FROM Scott Silliman
Guantanamo: The War on Terror and the Rule of Law President Bush ’ s claims of executive power over terrorist suspects have run into more trouble in both civilian and military courts. Last week, two military judges ruled that a Presidential order is not enough to give them jurisdiction over the prisoners held atGuantánamo Bay. Yesterday, a federal appellate court said the President cannot hold a civilian suspect without charge by calling him an "enemy combatant." Judge Diana Gribbon Motz said that would have "disastrous consequences for the Constitution -- and the country. " Colin Powell wants to close Guantánamo , "not tomorrow but this afternoon." What ’ s the point of keeping it open? Are the White House and the Pentagon trying to protect interrogation techniques that may be counter-productive?
New Legislation Suspends Habeas Corpus for Terror Detainees After a White House compromise with Republican Senators McCain , Warner and Graham last week, Congress passed the Military Commissions Act . With a few exceptions, the final votes in the Senate and Congress went along party lines. President Bush's signing ceremony for the legislation, which sets the rules for the treatment of terrorist suspects, is expected to be a high-profile political moment. But conservative legal scholars are among those contending that the new law will violate the Constitution and pave the way for a police state. The writ of habeas corpus was designed to prevent kings from letting their enemies die in prison without trial. Will the new law give the President that kind of power? Will it allow torture under another name or does it protect traditional safeguards while making Americans safer from a new kind of danger?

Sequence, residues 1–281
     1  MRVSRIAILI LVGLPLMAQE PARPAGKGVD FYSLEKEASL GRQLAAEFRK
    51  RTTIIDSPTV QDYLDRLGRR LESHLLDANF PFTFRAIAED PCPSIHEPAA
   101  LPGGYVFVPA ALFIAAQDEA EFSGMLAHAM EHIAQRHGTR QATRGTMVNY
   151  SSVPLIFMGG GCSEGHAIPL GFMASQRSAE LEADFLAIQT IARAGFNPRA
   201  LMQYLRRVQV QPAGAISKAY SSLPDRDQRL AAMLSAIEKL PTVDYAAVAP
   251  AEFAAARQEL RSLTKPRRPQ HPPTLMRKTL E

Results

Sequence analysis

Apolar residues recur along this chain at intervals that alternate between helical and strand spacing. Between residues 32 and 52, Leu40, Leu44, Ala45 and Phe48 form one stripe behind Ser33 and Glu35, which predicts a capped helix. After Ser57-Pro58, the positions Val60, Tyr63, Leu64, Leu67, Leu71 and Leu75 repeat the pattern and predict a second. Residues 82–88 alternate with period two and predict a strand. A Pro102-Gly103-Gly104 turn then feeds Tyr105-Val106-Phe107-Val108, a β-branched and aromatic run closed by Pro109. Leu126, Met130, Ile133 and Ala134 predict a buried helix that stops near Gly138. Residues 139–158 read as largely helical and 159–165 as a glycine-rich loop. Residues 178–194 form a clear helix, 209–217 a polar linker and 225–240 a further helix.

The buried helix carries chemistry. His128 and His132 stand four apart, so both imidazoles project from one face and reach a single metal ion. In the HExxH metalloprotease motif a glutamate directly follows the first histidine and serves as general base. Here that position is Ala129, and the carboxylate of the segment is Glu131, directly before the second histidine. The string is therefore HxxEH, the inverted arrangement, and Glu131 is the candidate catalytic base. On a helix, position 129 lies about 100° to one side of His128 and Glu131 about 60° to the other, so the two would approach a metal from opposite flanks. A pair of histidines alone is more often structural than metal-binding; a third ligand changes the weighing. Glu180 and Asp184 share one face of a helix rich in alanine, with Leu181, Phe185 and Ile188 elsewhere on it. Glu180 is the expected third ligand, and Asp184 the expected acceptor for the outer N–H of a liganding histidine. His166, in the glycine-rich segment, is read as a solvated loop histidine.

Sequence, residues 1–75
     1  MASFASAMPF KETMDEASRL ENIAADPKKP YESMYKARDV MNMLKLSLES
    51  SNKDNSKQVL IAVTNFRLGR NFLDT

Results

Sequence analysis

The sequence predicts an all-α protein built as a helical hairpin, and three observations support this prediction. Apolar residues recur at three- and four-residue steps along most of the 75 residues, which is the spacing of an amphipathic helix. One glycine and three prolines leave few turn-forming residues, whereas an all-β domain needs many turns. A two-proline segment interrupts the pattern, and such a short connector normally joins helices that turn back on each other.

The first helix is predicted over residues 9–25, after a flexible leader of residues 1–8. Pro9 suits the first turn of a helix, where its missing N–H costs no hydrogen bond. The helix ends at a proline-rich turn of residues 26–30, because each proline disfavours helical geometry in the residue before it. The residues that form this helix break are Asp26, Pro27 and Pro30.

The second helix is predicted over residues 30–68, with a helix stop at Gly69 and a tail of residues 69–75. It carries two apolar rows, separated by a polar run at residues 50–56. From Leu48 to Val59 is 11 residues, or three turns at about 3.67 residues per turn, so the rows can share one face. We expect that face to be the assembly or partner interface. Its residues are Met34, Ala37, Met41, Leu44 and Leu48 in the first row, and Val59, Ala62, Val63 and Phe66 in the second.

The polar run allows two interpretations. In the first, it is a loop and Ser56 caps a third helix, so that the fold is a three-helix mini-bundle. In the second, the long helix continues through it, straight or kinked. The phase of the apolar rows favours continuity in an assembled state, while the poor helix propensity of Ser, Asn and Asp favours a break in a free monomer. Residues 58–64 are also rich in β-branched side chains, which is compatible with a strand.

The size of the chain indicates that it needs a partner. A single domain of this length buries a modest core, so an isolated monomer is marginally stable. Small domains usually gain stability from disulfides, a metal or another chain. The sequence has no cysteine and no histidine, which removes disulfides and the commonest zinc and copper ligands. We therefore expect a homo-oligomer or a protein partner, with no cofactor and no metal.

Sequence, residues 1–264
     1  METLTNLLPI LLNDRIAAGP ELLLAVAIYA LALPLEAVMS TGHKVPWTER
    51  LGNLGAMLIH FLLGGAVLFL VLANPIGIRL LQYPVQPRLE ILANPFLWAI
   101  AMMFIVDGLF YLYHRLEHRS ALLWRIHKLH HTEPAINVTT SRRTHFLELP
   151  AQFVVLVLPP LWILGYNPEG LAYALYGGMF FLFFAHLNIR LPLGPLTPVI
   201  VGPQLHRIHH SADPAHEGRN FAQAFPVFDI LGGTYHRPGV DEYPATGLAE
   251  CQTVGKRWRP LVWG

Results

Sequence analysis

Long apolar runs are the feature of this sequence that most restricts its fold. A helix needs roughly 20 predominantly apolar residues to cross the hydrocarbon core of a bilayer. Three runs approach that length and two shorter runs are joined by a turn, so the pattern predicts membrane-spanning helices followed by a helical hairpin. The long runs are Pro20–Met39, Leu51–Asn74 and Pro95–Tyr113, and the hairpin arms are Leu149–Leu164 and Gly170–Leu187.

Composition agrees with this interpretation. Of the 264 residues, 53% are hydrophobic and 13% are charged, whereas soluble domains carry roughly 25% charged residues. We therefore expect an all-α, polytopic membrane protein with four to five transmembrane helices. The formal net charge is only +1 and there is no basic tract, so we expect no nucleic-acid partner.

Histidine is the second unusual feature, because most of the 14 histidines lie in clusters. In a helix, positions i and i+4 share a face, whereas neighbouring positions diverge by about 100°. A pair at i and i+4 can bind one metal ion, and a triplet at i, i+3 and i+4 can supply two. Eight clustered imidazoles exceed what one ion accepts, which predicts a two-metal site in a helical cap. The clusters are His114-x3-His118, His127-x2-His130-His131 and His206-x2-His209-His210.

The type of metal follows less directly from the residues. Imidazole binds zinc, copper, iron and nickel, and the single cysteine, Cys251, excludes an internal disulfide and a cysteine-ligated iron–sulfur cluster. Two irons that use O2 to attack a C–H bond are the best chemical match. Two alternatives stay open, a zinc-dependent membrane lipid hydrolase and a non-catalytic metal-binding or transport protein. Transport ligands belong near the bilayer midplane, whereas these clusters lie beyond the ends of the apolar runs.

The free-flowing leaks in the Trump White House President Obama tried to clamp down on leakers, but the Trump Administration is besieged almost as never before. Are the "anonymous sources" partisans or worried professionals? Are they endangering the republic or performing a public service?